Movie Review: Skyfall [SPOILERS]
James Bond is an institution. Even if the iconic super spy is a British import, he’s well known and beloved the world over. With 50 years of Bond films, you’d be hard pressed to find someone who’s never seen a Bond movie, let alone someone who doesn’t like this series. Much like the other iconic piece of Brit pop culture, Doctor Who, Bond is constantly evolving and everyone has their favorite Bond. Skyfall is such a great Bond film – a great film in its own right -that I could see many people choosing Daniel Craig to hold the mantle of their favorite Bond. And you know what? It’s absolutely justified. Skyfall rights many of the issues prevalent in this new Bond reboot-continuity while keeping the harsher themes introduced by Casino Royale and re-introducing some of the series’ old, but essential, quirks. What’s on display is a better reboot of the Bond series than was present in the formal reboot of Casino Royale and absolutely one of the best 007 films ever created.
Prior to the first Daniel Craig 007 flick there was a lot of cynicism about the project. The producers made no secret that they were rebooting Bond and reshaping the series to be more in line with something like the current Batman series. Gritty, dark, hard edged; Craig’s Bond began as a blunt instrument (as Dame Judi Dench’s M described the character) who enjoyed a beer instead of the series staple martini. It would have felt like a grossly calculated moneygrab if Casino Royale wasn’t so damn good. Quantum of Solace on the other hand… felt like a cheap ripoff of the late 80s Timothy Dalton License to Kill. License to Kill is rightly derided as being a film that tries to Americanize Bond. Quantum was a terrible film, but perhaps we owe a bit of Skyfall’s success to Quantum. Without the cold critical reception Quantum received, we may have never received Skyfall in its current form.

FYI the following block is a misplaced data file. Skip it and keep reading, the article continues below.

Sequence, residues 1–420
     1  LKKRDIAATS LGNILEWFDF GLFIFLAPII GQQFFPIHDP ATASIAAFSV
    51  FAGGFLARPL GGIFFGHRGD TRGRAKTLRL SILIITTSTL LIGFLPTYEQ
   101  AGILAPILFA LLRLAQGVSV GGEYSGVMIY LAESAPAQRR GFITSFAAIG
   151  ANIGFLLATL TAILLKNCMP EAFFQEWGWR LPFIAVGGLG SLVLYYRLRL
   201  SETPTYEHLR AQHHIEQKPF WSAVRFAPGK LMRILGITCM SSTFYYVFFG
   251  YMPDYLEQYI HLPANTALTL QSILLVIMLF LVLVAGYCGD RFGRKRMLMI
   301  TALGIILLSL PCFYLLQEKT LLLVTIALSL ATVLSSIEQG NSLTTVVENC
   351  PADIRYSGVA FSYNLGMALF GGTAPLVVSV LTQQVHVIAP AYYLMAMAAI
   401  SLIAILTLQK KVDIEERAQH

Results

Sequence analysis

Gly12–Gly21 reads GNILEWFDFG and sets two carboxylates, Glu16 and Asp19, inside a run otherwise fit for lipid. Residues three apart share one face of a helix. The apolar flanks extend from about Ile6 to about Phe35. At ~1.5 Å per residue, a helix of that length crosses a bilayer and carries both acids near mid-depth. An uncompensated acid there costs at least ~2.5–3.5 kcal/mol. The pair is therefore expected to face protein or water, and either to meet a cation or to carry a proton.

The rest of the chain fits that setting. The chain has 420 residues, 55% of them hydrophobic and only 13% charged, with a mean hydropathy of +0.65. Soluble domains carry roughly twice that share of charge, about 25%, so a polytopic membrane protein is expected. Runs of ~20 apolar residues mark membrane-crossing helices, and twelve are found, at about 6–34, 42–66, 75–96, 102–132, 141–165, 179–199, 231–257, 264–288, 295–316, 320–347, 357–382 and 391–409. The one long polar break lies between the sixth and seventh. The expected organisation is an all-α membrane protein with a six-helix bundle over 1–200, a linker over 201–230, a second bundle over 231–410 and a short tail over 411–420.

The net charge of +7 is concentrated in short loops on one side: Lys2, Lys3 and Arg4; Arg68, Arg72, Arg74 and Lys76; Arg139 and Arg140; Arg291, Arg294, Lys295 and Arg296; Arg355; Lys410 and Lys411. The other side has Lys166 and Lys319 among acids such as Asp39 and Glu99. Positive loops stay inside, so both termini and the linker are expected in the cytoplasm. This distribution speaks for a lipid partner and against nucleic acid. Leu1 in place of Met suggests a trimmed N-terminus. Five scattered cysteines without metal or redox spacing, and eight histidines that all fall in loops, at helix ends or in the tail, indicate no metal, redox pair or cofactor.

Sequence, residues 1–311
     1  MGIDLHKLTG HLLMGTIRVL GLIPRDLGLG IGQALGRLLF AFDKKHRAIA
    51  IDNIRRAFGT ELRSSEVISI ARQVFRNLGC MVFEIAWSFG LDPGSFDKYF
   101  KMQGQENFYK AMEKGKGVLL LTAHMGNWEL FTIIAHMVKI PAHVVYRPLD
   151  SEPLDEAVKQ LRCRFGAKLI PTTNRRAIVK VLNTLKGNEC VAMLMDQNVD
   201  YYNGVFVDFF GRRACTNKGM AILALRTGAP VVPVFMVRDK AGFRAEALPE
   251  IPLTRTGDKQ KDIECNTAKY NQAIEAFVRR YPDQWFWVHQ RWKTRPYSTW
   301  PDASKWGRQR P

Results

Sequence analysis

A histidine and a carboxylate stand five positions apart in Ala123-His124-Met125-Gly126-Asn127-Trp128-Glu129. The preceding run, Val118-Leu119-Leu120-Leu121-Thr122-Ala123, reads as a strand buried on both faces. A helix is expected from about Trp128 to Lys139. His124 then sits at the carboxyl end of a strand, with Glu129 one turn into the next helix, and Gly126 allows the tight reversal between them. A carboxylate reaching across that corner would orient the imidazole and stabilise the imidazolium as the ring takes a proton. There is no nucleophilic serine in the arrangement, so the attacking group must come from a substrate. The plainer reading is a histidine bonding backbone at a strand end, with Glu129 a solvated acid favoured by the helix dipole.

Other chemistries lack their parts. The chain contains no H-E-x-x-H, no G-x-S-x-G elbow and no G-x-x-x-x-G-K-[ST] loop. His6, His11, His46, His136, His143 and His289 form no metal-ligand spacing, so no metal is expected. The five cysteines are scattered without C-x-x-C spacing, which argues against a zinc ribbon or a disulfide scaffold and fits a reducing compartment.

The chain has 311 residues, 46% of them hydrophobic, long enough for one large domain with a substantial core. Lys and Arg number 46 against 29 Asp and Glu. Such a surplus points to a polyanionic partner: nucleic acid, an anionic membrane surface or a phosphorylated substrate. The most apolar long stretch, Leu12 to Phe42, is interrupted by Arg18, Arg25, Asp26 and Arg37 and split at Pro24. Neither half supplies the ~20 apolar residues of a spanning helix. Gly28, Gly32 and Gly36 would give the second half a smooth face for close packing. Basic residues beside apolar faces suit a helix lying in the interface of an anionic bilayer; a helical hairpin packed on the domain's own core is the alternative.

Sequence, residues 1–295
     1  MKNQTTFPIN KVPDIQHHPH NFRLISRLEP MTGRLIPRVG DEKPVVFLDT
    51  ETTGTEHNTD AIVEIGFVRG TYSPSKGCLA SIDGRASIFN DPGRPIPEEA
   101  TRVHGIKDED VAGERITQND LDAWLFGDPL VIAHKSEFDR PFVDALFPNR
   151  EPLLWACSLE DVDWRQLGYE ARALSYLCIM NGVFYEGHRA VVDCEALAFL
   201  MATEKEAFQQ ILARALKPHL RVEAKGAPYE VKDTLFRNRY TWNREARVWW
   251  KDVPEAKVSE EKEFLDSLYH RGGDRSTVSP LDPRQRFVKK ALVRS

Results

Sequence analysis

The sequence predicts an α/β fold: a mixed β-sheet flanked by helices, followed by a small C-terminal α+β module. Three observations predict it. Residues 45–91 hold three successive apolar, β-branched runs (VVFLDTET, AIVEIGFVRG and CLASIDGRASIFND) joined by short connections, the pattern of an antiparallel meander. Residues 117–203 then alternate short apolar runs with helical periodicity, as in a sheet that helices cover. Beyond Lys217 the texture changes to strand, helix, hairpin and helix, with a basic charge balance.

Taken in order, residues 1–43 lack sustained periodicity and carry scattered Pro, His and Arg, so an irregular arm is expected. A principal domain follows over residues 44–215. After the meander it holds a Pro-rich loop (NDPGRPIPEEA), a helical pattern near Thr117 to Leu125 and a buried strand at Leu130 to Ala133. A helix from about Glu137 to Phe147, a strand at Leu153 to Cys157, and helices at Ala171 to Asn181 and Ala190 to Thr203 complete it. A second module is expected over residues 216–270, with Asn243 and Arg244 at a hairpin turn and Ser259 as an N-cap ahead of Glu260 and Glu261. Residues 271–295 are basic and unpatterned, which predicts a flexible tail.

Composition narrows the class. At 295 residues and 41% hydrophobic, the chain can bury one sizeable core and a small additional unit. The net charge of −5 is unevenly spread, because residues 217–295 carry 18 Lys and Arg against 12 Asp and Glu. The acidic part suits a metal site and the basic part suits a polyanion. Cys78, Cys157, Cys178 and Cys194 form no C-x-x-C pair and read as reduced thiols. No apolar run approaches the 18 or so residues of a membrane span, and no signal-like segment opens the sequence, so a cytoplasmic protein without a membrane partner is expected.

In Skyfall, James Bond isn’t the cocksure top agent at MI6. In fact, early in the film the spy is sidelined by a serious injury and is presumed dead. He returns to his old job only when he learns of an attack on MI6 headquarters (information he learns from CNN, no less). He’s broken, unsure of himself, and bitter about his last mission. He returns because of duty, but he’s still at odds with a coldly calculating M who is used to using her agents as tools rather than humanizing them. But M desperately needs Bond as she’s coming under fire figuratively, from Parliment looking to blame someone for a botched mission, and literally by a villain who wants nothing more than to disgrace and kill the MI6 leader.